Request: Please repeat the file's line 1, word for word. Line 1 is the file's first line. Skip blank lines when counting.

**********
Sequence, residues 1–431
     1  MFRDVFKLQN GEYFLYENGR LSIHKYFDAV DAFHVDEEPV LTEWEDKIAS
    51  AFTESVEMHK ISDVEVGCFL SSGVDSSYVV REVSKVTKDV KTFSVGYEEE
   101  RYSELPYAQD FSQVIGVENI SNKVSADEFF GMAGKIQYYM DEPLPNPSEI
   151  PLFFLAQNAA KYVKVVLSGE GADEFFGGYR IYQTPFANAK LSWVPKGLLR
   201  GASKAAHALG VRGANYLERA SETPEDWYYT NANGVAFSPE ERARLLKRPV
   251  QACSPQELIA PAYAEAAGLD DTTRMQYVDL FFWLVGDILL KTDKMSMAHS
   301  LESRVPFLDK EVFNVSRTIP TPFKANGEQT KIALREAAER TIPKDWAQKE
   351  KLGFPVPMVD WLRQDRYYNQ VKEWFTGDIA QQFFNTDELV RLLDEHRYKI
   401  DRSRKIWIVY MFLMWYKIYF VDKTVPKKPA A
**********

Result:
Sequence, residues 1–431